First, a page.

MCTSR’s grant was for a “Whole School Restorative Practices Project” based on its Restore360 program. The grant funded the implementation of its program in four elementary, four middle, and four high schools in New York City over four years. It tested the efficacy of SEL and restorative practices in reducing the gap in education outcomes between brown and black students and white students. 11

References

  1. “Our Services.” Morningside Center for Teaching Social Responsibility. Accessed November 9, 2021. https://www.morningsidecenter.org/what-we-do.
  2. “Annual Report 2020.” Morningside Center for Teaching Social Responsibility. Accessed November 9, 2021. https://www.morningsidecenter.org/sites/default/files/2021-04/AnnualReport2020.pdf.
  3. “Our Services.” Morningside Center for Teaching Social Responsibility. Accessed November 9, 2021. https://www.morningsidecenter.org/what-we-do.
  4. “What is Social & Emotional Learning.” Morningside Center for Teaching Social Responsibility. Accessed November 10, 2021. https://www.morningsidecenter.org/what-social-emotional-learning.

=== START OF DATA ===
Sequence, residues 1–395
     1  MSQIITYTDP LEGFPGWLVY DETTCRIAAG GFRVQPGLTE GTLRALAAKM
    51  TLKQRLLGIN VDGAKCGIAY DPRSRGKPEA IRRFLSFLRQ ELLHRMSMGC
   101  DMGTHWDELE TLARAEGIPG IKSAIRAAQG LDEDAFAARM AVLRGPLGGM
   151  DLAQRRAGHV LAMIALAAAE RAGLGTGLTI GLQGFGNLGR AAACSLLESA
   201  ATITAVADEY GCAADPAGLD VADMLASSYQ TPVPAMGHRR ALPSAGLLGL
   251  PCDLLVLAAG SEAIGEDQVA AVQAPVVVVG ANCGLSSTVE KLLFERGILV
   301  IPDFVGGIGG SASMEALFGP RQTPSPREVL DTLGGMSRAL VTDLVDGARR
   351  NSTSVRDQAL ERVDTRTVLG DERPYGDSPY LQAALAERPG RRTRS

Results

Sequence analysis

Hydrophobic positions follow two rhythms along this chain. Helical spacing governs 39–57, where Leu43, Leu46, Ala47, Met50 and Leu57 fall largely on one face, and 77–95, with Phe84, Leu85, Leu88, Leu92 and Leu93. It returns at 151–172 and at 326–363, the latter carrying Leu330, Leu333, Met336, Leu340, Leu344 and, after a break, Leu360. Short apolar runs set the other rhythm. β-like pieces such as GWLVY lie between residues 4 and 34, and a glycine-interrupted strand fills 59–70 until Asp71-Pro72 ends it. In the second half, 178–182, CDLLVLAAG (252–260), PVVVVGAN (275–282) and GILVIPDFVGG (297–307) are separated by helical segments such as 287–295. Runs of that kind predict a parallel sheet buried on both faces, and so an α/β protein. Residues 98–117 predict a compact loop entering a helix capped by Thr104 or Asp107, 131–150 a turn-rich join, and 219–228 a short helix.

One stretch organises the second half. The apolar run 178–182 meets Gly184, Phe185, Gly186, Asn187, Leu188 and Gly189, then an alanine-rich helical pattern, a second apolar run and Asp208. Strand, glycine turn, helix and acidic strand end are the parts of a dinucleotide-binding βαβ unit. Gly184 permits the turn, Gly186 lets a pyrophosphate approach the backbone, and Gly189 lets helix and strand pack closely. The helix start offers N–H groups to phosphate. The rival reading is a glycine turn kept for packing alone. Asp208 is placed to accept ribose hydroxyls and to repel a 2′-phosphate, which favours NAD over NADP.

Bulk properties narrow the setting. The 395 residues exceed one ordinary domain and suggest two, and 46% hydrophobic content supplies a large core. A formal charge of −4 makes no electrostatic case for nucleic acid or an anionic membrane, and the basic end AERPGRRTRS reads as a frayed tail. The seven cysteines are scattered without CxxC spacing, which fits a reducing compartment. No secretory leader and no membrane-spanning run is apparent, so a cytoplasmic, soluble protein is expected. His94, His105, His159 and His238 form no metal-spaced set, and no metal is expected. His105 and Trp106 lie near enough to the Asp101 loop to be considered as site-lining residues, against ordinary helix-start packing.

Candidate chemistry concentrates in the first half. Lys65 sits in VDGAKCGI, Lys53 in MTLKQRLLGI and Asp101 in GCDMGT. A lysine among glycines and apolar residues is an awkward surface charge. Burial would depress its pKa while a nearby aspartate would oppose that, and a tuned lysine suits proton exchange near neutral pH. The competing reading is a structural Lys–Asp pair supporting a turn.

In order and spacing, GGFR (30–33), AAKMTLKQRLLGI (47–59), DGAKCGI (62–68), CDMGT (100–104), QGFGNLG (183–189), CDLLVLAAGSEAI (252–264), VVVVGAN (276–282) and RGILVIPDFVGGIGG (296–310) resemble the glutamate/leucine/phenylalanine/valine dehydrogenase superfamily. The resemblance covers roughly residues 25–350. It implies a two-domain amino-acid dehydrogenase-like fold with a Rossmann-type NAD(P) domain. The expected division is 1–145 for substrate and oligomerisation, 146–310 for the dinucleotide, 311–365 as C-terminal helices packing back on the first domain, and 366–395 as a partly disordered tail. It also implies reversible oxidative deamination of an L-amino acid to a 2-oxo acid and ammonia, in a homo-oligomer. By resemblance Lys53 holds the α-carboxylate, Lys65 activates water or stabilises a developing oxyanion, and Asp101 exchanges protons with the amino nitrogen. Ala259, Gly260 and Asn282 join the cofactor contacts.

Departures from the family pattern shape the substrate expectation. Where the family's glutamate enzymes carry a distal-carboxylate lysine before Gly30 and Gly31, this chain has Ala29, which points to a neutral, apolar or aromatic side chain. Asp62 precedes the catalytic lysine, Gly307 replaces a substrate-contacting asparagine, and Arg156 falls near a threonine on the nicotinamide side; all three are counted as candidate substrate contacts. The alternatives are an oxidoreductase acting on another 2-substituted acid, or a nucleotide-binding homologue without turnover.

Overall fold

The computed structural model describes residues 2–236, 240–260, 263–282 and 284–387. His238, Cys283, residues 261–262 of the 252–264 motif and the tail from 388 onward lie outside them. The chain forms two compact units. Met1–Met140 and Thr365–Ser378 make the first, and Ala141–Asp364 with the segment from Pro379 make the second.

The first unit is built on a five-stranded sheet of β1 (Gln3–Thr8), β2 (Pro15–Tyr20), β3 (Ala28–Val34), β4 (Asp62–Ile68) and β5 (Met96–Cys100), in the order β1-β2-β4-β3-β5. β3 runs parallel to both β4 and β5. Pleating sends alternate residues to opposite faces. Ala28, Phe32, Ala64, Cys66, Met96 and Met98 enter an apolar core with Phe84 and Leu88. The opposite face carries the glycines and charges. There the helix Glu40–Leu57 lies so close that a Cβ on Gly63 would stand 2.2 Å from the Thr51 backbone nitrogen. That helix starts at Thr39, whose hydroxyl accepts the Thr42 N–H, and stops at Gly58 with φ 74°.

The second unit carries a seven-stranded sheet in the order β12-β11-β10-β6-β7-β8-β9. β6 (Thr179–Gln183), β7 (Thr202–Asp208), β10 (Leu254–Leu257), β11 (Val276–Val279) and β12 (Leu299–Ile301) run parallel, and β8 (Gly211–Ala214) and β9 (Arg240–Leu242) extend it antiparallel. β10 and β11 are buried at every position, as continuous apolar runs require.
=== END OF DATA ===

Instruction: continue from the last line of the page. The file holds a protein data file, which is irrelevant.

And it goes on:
5. Barshay, Jill. “The promise of ‘restorative justice’ starts to falter under rigorous research.” The Hechinger Report. May 6, 2019. Accessed October 26, 2021. https://hechingerreport.org/the-promise-of-restorative-justice-starts-to-falter-under-rigorous-research/.
  6. “Centering Racial Equity.” Morningside Center for Teaching Social Responsibility. Accessed November 10, 2021. https://www.morningsidecenter.org/centering-racial-equity.
  7. “Our Funders.” Morningside Center for Teaching Social Responsibility. Accessed November 9, 2021. https://www.morningsidecenter.org/about.
  8.  “Morningside is a Spark Prize Finalist!.” Morningside Center for Teaching Social Responsibility. October 25, 2021. Accessed November 10, 2021. https://www.morningsidecenter.org/news/morningside-spark-prize-finalist.